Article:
Statistics don’t reflect the Finn’s speed: Vettel won two of the first three races, Ricciardo one
“Why didn’t you tell me he hadn’t pitted,” raged Kimi Räikkönen over the radio as he saw his team-mate Sebastian Vettel emerge out of the Melbourne pit lane ahead of not just him but the erstwhile leader Lewis Hamilton. “Don’t ***k me like that.” Triggered by the awkward stopping place of Romain Grosjean’s Haas, after one of its wheels wasn’t tightened properly at its pit stop, a VSC was, of course, the random factor that won Vettel’s Ferrari the Australian Grand Prix against the run of play, leap-frogging him ahead of Räikkönen and Hamilton.
But that isn’t what Kimi was raging against. All weekend he’d had Vettel’s measure. It was he, not Vettel, who’d put the new Ferrari on the front row, he who’d been the lead chaser of Hamilton’s dominant Mercedes. It was he who had pulled out four seconds on Vettel during the first stint of this one-stop race and who was never under any threat from the supposed team leader. Räikkönen was just more at ease with the new longer wheelbase 2018 Ferrari SF71 than Vettel. His less aggressive corner approach was a better fit with the car’s sometimes tricky, edgy transitions, he could more readily find a flow within the car’s limitations around Albert Park than could Vettel.
But what had so irritated Räikkönen wasn’t that a random VSC had sprung Vettel ahead – that was just one of those things. It was the fact that after his own pit stop on lap 18, he hadn’t been informed that for the next eight laps Vettel had remained out there. With Kimi just driving to a set pace, it might have been possible for Vettel to have ‘overcut’ himself ahead of the other Ferrari, without any VSC intervention. Räikkönen hadn’t realised he was still racing against his team-mate and so hadn’t upped his pace to neutralise that threat. As it was, that threat didn’t materialise as Räikkönen’s pace on his fresh soft tyres was generally better – and Vettel on his old ultras was around 6sec adrift from having been able to overcut past Räikkönen without the VSC. The point was, Kimi’s own team hadn’t told him – and that made him paranoid. By all means leave Vettel out there just in case of a VSC or safety car – that was logical, given that Vettel was under no undercut pressure from behind – but Räikkönen should have been told, so he could be sure to maintain the required pace to keep him ahead in the event of there not being any interruption to the race. It made him think they might have been trying to sneak Vettel ahead of him. In reality that was never on the radar, for Vettel was just too far behind. But from the cockpit Räikkönen had no way of knowing that.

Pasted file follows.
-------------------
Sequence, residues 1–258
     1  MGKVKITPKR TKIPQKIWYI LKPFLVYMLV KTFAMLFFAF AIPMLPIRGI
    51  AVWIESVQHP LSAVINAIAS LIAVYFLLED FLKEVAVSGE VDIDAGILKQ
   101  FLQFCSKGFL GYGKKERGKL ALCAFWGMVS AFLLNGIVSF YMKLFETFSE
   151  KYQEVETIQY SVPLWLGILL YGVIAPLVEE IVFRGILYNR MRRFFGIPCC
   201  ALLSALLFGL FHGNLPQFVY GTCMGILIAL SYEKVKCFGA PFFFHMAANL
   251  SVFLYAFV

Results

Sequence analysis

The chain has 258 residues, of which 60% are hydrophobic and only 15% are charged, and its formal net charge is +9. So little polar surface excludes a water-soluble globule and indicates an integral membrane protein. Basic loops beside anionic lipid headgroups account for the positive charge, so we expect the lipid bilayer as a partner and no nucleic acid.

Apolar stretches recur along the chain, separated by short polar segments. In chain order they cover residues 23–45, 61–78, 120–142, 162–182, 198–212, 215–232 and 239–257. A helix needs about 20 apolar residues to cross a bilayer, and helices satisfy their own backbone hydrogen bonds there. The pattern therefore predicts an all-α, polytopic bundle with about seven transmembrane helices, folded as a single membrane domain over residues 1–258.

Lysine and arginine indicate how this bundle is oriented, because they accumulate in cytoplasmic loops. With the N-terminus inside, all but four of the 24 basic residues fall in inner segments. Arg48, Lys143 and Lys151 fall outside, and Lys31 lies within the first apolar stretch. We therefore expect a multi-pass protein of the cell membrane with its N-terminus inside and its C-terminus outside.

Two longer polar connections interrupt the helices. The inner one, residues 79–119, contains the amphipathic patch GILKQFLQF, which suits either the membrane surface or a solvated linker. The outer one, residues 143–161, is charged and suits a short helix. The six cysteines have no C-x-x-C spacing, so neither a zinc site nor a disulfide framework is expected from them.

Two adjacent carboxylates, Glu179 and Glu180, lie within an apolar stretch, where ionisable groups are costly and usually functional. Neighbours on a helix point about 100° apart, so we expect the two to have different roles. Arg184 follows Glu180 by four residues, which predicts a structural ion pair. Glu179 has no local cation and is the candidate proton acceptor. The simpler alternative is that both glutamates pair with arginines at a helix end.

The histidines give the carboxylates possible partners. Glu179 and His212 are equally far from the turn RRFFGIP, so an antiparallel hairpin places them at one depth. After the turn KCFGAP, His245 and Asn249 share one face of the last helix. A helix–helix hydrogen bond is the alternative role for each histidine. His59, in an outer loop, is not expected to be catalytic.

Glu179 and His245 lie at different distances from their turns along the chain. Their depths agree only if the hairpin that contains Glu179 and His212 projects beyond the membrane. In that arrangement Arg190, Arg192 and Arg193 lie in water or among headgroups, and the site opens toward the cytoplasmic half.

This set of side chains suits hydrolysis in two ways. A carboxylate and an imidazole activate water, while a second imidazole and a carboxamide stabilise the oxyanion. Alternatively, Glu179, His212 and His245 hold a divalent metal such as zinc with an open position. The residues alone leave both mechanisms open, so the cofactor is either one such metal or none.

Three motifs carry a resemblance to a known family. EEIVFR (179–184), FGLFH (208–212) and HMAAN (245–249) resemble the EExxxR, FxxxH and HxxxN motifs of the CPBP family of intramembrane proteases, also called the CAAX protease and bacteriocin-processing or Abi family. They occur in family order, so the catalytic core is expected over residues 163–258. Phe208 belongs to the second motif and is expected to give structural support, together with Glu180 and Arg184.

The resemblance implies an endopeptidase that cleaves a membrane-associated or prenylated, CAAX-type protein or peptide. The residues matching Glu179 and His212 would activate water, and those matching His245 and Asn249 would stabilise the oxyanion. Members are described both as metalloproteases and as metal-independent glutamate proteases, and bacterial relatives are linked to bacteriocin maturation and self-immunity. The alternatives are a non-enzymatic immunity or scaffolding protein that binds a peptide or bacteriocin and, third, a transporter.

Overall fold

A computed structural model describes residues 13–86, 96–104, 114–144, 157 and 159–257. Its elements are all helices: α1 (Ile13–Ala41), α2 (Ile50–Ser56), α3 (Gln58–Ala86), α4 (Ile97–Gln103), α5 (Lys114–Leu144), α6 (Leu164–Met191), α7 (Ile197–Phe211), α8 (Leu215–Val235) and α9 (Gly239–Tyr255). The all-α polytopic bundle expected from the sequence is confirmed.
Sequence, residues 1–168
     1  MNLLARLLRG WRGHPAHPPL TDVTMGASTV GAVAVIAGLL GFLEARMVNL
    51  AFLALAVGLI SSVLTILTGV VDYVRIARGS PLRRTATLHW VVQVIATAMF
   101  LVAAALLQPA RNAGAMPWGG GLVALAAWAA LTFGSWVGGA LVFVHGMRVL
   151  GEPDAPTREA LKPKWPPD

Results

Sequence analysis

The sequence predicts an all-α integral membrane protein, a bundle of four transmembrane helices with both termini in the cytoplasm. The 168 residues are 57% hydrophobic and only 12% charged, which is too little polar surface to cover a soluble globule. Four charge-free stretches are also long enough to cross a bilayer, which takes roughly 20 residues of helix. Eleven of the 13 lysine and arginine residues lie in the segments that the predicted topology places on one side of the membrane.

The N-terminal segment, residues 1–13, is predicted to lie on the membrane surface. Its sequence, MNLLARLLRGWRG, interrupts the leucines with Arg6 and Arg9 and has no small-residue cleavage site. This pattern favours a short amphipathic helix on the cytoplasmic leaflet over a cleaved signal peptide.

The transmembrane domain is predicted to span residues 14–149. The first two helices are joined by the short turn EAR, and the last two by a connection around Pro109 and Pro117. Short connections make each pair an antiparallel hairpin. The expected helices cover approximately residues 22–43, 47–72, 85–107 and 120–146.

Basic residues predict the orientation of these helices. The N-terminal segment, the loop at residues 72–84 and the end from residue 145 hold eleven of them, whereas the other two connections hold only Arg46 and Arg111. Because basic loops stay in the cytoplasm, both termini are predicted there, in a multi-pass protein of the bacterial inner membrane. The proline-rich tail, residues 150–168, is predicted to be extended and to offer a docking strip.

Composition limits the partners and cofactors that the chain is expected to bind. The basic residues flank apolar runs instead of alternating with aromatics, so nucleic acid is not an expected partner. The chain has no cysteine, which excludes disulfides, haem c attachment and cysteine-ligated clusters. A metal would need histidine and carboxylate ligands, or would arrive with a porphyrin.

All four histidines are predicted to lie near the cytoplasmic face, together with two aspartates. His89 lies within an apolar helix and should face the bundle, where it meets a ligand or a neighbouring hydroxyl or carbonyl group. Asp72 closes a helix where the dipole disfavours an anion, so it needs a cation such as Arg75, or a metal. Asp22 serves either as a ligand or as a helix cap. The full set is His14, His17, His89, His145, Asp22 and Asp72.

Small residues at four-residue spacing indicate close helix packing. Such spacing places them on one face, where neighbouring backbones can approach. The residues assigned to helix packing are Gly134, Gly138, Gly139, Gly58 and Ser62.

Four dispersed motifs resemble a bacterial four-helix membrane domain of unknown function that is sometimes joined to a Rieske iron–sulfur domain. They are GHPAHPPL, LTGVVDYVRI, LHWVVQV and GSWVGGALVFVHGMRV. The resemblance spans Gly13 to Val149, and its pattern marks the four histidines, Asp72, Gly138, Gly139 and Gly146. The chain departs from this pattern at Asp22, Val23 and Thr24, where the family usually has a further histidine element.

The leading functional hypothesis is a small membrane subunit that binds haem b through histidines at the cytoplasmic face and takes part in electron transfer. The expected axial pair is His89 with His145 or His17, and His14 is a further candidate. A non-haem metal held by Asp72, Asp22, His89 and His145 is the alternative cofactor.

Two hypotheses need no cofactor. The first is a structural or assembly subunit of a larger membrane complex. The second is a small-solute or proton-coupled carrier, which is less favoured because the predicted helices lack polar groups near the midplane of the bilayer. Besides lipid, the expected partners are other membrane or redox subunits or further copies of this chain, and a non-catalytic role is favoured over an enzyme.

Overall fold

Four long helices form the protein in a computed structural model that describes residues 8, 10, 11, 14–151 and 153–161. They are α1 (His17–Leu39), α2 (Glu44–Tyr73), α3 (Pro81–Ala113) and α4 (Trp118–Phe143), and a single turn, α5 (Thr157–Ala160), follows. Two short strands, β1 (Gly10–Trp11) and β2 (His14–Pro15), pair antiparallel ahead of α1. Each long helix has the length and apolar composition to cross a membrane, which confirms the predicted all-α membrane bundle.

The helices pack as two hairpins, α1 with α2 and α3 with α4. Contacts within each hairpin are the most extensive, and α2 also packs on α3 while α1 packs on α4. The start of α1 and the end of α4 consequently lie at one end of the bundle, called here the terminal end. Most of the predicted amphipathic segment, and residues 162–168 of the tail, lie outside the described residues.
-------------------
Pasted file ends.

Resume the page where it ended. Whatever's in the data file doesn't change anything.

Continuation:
It was just a bit of competitive racing tension in an always complex sport. But what Räikkönen’s irritation underlined is that he seems to be competing this year, rather than merely supporting. He’s lost weight over the winter – to compensate for that the longer car has put on – and just seems leaner, hungrier. Rumours persist that Daniel Ricciardo has signed an option with the team to be there alongside Vettel next year. If Räikkönen understands that is the case, might he be less inclined to act as Vettel’s foil in what may be his final season?
Wouldn’t his pride insist he shows he is still a force to be reckoned with?
Anyway, he finished third in Melbourne and Vettel won. But it was only the timing of Grosjean’s loose wheel that had decided that. Otherwise it would’ve been a Räikkönen-Vettel 2-3 behind Hamilton.
INTO BAHRAIN FOR round two, Ferrari had been working at further refining and understanding its car, which appeared with detail aero changes. Around the Sakhir track it was the class of the field, a crucial tenth or so faster than the Mercedes. Räikkönen was into the car’s groove immediately, Vettel was taking longer finding it. But by Q3 Seb was homing in on the car’s sweet spot. In his first run he clattered across the final kerb and Räikkönen sat on a provisional pole as the last runs beckoned. Out they came again, Vettel ahead on the road, Räikkönen having to find a way past traffic on his out-lap while still preparing his tyres. Vettel ‘copy and pasted’ his first lap but without the mistake at the end, shading Räikkönen’s provisional pole. Kimi’s second run was overly compromised by the preparation lap and he had to settle for second. “It was far from ideal with the traffic,” he said. “I thought there is a lot we can improve but, obviously, it was such a messy thing in the end, I was passing people and doing this and that, so it’s disappointing.” Reading between the lines of Kimi-speak, he was irritated at where the team had put him out on track for that final crucial run. His paranoia antenna might have been twitching again – possibly with good reason.